In the first sentence you have either grasped your potential client’s interest or due to a lack of differentiation and understanding of the outcome you can provide, you have lost them.
It is important to give the prospect something to spark their interest enough to engage them in further conversation.
Different than a unique selling proposition or elevator speech, a differentiating statement identifies who you work with and what outcome they can expect.
If done effectively, a differentiating statement should lead to a conversation that allows you to explain how you do it.
Once you have been able to clarify this for yourself and your client, it’s time to make a commitment to 21st century, simple, repeatable, and effective marketing strategies that will propel yourself and your business forward.
Want to standout in the marketplace and get out of digital chaos?
Do what is most important. Defer anything that does not need to be completed right now. Delegate what you don’t need to do yourself. Dump all activities that take you away from SDDC (sell, develop, deliver, collect).
The Small Business Results Case Study:
In the day to day basis of running a small business, it is easy for owners to get caught up in the daily operations and wear the sales, marketing and finance hats. Therefore, it is challenging to remain focused, to grow and to expand the business in the direction that they would each like to see. Clients come to us with the problem of having too much to do and as a result either are not as effective as they would want, or they feel so overwhelmed that they are not even sure of what they would have someone else do or how they would teach them to do it.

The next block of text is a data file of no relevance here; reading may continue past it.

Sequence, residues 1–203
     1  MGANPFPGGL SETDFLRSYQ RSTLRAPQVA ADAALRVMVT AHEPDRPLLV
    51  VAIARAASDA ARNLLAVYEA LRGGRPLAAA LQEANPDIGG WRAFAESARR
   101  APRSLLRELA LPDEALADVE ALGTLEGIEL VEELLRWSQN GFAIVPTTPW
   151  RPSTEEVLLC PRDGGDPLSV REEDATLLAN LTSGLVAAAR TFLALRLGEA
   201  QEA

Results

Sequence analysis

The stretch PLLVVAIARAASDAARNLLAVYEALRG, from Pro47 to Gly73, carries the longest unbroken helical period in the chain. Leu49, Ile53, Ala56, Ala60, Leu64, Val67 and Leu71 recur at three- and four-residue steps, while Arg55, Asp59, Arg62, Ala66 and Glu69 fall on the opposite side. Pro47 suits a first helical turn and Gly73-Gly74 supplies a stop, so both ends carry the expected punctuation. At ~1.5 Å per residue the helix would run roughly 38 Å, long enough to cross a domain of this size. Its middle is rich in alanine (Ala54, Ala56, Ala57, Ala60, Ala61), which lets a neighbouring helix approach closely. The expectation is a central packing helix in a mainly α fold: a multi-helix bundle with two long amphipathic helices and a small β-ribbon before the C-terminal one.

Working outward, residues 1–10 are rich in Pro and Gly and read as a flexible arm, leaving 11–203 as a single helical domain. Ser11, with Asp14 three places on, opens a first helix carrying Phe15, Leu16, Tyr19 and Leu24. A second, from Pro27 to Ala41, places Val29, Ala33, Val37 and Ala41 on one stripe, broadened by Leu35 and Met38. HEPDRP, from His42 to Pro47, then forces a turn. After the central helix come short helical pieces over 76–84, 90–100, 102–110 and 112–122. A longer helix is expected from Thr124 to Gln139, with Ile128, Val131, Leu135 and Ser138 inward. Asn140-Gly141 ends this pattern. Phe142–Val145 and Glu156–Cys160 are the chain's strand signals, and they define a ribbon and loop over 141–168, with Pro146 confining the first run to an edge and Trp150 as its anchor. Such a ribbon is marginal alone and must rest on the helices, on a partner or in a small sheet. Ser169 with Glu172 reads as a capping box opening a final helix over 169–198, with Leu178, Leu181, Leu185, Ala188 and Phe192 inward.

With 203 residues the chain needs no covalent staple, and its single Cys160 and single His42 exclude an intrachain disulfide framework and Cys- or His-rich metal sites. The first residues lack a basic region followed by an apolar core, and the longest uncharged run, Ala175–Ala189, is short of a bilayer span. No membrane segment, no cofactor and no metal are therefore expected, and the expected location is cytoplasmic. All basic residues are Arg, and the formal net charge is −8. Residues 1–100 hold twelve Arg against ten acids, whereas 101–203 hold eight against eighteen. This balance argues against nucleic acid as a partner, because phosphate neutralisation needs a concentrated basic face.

We ask the clients to track their work day by using the DDDD system. When this system is employed, we consistently get a grasp on what is essential for the owner to do and what we could get someone else to do.
The Small Business Results Outcome:
By really tracking the day’s activity and measuring the business day by time, energy, and money we are able to create job descriptions, post it on a number of college job boards and hire right fit interns who can help grow the business and cultivate interns into great, future employees.
I love to put the constant question in the small business owners heads:
A day in the life of a small business owner or entrepreneur can be so incredibly overwhelming.
As great a tool as technology is, we find ourselves surfing, tweeting, facebooking, and not necessarily operating in a strategic fashion.For years, we have taken tremendous pride in seeing ourselves as multi-taskers, but we have found that in today’s world, multitasking does not work. We must have a razor focus on systems and structures for building revenue.
Often people ask us about time management and though there will never be enough hours in the day, we believe it is much less about time management and much more about self management.
Focused daily results means that you no longer turn around, look at the clock, and say to yourself “Wow, its 4pm, what happened to my day?” or look at your bank account at the end of the month and say, “Wow, where is my revenue?”